Proctor Republican Rep. Janna Taylor is the only woman in the Legislature with a concealed weapons permit. An avid bird hunter, Taylor said she is good with a gun. She got her permit about four years ago so she would have "a little extra protection" on her long trips to Helena and back when the Legislature was in session.
"As a female, I'm not going to carry (my gun) in plain sight," she said. "It's also my right to carry a gun."
Taylor said she doesn't carry her gun every day and has never needed to use it. Once, her car slid off a mountain pass when it was 17 below zero. Taylor was alone and said her gun gave her reassurance as she waited for help.
"I'm always glad to have it," she said.
Many lawmakers got their concealed weapons permits for similar reasons: the desire to protect themselves, if necessary, and a philosophical belief in the right of citizens to arm themselves, if they so choose.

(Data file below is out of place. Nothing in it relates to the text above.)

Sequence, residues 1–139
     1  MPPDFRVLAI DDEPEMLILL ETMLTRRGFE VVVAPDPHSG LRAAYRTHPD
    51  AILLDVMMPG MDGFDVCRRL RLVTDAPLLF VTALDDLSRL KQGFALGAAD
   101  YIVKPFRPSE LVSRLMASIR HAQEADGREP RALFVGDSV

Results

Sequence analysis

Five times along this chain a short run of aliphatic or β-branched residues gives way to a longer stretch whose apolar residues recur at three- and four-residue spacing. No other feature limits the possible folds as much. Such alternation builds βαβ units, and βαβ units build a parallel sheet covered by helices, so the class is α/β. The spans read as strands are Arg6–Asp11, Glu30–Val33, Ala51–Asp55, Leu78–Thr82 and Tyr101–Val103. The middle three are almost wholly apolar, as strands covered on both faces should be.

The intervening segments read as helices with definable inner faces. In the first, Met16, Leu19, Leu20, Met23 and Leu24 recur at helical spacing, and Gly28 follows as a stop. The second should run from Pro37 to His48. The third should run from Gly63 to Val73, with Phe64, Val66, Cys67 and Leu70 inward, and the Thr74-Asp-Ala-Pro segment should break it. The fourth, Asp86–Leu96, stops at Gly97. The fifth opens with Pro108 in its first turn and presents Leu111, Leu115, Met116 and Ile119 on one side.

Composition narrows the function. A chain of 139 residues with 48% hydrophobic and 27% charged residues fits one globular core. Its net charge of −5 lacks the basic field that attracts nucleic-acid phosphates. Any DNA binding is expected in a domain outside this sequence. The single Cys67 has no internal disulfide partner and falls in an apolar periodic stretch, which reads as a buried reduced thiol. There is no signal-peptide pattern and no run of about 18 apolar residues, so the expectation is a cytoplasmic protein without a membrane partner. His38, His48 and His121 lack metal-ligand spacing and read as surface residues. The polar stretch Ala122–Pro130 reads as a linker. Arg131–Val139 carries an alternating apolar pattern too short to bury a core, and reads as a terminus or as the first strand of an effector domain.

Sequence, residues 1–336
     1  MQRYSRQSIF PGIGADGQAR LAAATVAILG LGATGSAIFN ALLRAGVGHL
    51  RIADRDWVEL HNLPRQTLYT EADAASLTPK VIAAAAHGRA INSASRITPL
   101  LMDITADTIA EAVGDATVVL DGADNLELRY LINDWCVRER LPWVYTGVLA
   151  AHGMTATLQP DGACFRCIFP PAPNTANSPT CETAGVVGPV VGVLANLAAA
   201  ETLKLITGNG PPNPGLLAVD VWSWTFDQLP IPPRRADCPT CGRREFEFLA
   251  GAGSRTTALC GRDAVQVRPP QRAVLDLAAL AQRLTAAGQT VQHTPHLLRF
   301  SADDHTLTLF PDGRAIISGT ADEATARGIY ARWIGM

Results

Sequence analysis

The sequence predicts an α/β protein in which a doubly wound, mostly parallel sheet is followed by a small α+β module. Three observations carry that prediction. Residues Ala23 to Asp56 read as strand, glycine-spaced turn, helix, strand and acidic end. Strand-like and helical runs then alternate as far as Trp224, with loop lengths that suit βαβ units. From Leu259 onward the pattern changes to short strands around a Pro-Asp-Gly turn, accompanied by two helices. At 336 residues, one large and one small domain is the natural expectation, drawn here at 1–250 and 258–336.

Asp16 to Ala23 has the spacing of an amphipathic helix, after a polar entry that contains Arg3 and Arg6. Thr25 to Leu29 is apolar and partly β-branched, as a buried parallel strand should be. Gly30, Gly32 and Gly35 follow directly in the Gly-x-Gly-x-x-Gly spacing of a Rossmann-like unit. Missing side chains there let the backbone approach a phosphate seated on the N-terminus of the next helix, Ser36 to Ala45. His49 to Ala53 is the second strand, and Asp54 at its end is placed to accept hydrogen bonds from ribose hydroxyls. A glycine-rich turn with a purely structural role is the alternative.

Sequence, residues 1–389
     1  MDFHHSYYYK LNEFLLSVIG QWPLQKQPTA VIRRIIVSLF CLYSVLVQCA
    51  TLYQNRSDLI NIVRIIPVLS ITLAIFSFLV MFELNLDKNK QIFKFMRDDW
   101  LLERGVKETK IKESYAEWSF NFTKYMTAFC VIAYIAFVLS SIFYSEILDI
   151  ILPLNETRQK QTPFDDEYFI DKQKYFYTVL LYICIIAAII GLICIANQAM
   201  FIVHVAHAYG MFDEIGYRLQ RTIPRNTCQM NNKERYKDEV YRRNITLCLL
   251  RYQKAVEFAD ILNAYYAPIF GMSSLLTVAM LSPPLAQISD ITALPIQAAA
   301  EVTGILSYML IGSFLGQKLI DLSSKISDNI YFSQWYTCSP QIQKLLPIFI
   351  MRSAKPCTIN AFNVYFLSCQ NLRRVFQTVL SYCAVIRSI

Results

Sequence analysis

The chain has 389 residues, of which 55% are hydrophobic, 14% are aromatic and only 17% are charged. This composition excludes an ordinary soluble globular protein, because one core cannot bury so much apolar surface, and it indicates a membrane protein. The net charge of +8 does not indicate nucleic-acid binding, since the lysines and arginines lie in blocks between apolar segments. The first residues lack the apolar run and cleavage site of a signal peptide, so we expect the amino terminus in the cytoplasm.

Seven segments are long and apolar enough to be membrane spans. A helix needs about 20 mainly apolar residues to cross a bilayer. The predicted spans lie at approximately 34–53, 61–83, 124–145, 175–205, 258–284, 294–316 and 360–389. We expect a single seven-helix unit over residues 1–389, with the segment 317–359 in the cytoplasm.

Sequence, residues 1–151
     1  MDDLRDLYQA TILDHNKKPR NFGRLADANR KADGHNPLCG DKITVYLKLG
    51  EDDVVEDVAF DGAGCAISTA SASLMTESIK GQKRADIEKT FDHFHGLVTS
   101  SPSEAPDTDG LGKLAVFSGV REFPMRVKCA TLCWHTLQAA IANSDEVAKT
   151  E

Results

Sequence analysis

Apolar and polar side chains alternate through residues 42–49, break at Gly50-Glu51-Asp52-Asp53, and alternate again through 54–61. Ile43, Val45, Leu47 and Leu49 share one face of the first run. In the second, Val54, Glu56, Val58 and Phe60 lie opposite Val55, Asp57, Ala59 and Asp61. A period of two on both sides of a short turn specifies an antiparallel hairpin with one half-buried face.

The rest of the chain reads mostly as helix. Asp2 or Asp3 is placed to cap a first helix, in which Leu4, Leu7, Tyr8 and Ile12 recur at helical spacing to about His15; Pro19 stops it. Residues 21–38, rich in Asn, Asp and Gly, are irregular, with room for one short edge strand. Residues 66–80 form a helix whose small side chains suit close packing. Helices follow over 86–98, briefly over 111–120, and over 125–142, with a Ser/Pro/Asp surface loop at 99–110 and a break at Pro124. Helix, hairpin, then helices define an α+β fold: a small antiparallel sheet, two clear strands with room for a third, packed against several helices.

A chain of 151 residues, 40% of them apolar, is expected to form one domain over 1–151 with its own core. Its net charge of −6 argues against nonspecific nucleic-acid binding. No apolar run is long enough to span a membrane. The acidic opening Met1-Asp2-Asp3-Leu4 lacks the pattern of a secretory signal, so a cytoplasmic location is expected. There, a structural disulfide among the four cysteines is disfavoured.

"I decided I was going to get (my license) before they made it harder to get," said Jore.
Jore said he rarely carries his pistol with him, but believes he should have the right to, regardless.
No lawful gun owner in Montana needs a permit to carry a gun in plain sight. But if you want to slip a handgun in your pocket where no one can see it, that's another story. Such concealed weapons are against the law and people caught breaking it can face a $500 fine and six months in the county jail.
The law also forbids concealed daggers, sword canes, brass knuckles - even slingshots, but you can't get a permit to legally carry those kinds of weapons. Conceal carry permits are good only for handguns.
In most parts of Montana, people don't need a permit to carry a concealed handgun, said Gary Marbut, president of the Montana Shooting Sports Association and the main author of the current law. Concealed weapons are illegal only inside city limits or within the boundaries of a "logging, lumbering, mining or railroad camp."
There are some exceptions: If you are hunting, hiking, working on a ranch or doing other things in which "weapons are often carried for recreation or protection," you can keep your weapon hidden, even if you're in town, according to the law.
Many lawmakers said they got their permits because they sometimes travel with a gun concealed in the car for protection. They didn't want to run afoul of the law if they ever got pulled over inside the city limits.